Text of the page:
Commentary: The interdependence of spiritual discipline and prophetic witness
Each year, as Ash Wednesday approaches, the many years I spent in close contact with Henri Nouwen exert a pull, reminding me of how attuned Henri was to the liturgical seasons.
Each year, as Ash Wednesday approaches, the many years I spent in close contact with Henri Nouwen exert a pull, reminding me of how attuned Henri was to the liturgical seasons. Not only that, but two of Henri’s books — Show Me the Way: Readings for Each Day of Lent and Walk with Jesus: Stations of the Cross — have guided me and the congregations I served through Lent for decades. If you have not read them — or if you have not used them as a guide for either Lent or Holy Week — I would suggest that now is a good time.
Page after page testifies to Henri’s struggle and faith, his confidence and insecurity, his obedience and his temptations. These meditations invite us not only to struggle with Henri, but to accompany Jesus in his formative struggles as he marches toward Jerusalem and Golgotha.
This particular year I have been thinking about Henri more and more. He died 20 years ago, and on June 9-11 there will be an international conference in Toronto to celebrate Henri’s life and witness. In my 10 years serving as Conference minister, nothing I am aware of matches Henri as someone who has shaped and influenced the spiritual sensibilities of our pastors. If you’re interested in attending, I would love to see you there. I will be leading a session on climate activism entitled “Be Not Afraid–from Henri’s Courage to God’s Call to Preserve the Planet.”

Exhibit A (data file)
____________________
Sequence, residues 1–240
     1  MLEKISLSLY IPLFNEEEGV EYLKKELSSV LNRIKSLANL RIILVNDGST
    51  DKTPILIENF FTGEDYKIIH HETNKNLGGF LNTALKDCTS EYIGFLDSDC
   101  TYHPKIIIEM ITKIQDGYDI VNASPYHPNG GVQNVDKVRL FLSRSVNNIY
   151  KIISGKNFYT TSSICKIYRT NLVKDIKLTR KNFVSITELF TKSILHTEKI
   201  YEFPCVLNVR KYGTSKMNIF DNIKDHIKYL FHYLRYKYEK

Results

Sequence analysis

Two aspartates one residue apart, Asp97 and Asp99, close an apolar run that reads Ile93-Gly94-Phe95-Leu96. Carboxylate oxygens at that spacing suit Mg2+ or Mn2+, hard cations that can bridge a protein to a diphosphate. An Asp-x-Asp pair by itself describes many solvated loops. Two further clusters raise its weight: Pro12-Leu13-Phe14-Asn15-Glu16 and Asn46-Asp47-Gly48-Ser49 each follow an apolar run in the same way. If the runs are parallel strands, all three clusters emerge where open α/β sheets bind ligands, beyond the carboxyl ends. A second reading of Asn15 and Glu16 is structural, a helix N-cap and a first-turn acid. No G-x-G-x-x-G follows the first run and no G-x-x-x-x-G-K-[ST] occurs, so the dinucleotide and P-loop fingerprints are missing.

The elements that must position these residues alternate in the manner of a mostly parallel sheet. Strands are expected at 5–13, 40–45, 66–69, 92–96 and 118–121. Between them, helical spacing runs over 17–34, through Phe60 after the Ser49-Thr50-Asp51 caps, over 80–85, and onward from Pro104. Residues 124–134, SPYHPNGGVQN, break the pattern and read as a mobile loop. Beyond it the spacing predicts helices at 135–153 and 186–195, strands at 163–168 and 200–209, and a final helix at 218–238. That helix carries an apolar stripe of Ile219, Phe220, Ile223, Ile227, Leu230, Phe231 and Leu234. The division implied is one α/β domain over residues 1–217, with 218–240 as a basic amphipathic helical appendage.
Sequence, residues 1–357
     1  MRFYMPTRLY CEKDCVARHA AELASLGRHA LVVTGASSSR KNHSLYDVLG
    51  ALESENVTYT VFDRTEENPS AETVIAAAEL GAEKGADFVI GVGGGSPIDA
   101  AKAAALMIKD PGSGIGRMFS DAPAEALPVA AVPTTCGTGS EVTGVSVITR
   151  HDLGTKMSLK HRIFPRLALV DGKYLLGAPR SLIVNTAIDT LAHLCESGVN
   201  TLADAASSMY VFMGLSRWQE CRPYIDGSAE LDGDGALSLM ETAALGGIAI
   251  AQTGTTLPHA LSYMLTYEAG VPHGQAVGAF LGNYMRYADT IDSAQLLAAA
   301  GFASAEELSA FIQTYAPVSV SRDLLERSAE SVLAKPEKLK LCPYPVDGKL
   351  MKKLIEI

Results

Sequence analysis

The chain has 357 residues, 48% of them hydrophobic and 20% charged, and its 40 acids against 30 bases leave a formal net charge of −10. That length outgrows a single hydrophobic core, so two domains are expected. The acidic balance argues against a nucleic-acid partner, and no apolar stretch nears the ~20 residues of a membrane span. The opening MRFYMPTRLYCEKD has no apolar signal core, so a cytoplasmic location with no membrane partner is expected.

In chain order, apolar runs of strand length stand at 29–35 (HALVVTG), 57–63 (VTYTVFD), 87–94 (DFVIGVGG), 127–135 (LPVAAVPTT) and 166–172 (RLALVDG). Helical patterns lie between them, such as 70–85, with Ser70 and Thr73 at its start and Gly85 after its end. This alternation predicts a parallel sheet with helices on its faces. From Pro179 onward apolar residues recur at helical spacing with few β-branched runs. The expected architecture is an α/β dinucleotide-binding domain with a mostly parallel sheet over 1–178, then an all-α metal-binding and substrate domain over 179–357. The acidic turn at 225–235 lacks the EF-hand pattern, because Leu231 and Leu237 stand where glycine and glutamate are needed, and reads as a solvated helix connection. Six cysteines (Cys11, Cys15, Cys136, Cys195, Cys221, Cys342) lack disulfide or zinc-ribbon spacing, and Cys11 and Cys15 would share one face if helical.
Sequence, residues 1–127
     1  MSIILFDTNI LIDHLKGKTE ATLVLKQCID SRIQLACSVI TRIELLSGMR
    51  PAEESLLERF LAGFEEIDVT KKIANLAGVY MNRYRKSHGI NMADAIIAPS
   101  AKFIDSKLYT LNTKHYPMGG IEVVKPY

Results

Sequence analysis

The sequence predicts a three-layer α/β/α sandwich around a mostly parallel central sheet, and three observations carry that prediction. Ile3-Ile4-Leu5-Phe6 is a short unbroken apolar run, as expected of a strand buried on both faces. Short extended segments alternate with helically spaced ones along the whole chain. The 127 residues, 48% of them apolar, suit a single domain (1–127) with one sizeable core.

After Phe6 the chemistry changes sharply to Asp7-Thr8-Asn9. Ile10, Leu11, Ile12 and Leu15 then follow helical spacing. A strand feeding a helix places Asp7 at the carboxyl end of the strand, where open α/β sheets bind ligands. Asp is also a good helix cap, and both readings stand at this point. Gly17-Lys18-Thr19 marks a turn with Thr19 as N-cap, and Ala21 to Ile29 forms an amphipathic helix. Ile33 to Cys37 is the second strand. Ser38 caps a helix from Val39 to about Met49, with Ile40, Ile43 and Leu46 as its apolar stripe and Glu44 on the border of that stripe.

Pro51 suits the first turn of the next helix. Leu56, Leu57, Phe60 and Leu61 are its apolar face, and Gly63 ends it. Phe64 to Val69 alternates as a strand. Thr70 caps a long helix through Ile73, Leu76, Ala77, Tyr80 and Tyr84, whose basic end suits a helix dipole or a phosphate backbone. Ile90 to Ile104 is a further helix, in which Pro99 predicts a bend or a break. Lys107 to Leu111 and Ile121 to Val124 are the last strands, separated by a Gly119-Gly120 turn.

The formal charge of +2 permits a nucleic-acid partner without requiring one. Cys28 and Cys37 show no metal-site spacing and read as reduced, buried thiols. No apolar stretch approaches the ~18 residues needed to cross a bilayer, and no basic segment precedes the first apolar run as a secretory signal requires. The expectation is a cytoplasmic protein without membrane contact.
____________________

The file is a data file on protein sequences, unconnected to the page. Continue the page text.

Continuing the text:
As much as Lent is a time for us to deepen our prayer life and challenge ourselves to discover and commit to a more disciplined discipleship, it is also a time of engagement with powers and principalities. Henri understood the interdependence of spiritual discipline and prophetic witness. As we begin to draw close to Jesus and make obedience to God’s guidance our compass, we can’t help but speak out in the face of injustice and resist all who would privilege profit over compassionate and generous sharing. Most of Henri’s millions of fans were drawn to his spiritual testimony. But here and there in the books he published, and much more so in what has been published since he died, something more is evident. Like Jesus, like Gandhi, like Thomas Merton, Henri’s life and witness testified to the interdependence of spiritual discipline and prophetic witness. May all who benefit from Henri’s insights hear God calling out of them just this kind of witness.
The Rev. Jim Antal is president and conference minister of the Massachusetts Conference, United Church of Christ.
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